Re: the ultimate refrigerator

Hara Ra (
Sun, 21 Dec 1997 01:05:15 -0800

John K Clark wrote:
> >>I have thought of a problem with the Black Hole refrigerator idea
> >>however.

> >Hara Ra <>
> >There's an easy fix to this. Use a telescope.

> That won't work. A lens (or curved mirror) can only bring light to a focus if
> the wave front is parallel or nearly so, and that can only happen if the lens
> is small and far from the light source. The wave front of the blackbody
> radiation near a heat radiator would be almost spherical and so will not
> focus for the same reason a lage magnifying glass placed right next to a
> light bulb will not focus. To work you'd have to place your telescope at a
> large distance from the radiator where the wave front has become almost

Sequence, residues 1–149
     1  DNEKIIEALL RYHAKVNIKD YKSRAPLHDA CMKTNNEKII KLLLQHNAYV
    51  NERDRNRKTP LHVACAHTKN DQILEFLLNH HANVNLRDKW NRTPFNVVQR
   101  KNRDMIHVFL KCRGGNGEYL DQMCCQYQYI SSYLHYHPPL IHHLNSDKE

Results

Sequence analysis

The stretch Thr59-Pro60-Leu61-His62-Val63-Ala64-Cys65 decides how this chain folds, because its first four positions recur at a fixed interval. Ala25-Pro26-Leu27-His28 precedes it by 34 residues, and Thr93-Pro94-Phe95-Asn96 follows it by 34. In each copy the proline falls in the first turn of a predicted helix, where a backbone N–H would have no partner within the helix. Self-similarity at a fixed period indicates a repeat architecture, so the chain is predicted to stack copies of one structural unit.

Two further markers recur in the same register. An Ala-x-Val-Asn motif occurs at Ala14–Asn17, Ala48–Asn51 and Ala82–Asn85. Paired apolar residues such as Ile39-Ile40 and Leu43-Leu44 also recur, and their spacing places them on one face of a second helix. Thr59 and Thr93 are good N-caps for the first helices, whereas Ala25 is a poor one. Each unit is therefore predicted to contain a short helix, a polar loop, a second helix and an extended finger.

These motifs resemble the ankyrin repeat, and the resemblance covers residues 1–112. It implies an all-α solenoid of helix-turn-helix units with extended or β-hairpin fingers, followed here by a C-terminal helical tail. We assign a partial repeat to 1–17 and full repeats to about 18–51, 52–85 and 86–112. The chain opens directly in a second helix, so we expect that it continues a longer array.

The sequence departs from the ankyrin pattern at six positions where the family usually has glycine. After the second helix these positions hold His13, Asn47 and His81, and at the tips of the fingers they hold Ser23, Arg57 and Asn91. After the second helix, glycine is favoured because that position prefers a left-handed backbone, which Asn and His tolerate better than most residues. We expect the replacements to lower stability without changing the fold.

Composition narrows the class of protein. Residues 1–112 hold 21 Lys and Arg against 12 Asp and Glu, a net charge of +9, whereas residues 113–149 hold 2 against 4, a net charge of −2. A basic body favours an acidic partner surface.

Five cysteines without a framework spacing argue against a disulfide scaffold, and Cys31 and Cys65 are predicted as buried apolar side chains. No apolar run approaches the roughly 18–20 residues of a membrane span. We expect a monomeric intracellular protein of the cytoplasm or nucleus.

> parallel, and then only a very small percentage of the heat radiation would
> intersect with the lens.

At the focus of the telescope, with a really low f-ratio, the sky will
be seen to be mostly the black hole. Imagine a an ellipsoid, with the
radiaitor at one focus and the black hole at the other. The radiator
will see the full sky as the black hole. All of the radiation from the
radiator will go to the black hole. If you limit the reflector to the
anterior half, you still have half the sky being the seen as the black
hole, exactly as if you were near the event horizon. It still works if
the radiator is a sphere which is smaller than the closest distance from
the radiator to the mirror. (I agree that if the radiator is as large as
the black hole that not all of the light will be absorbed, but someone
with an optics program can resolve this. It's still a large fraction)

Regarding your light bulb example, imagine the reflector to be a big
umbrella. We don't need to focus to a point, just to the diameter of the
event horizon as seen from a large distance.

| Hara Ra <> |
| Box 8334 Santa Cruz, CA 95061 |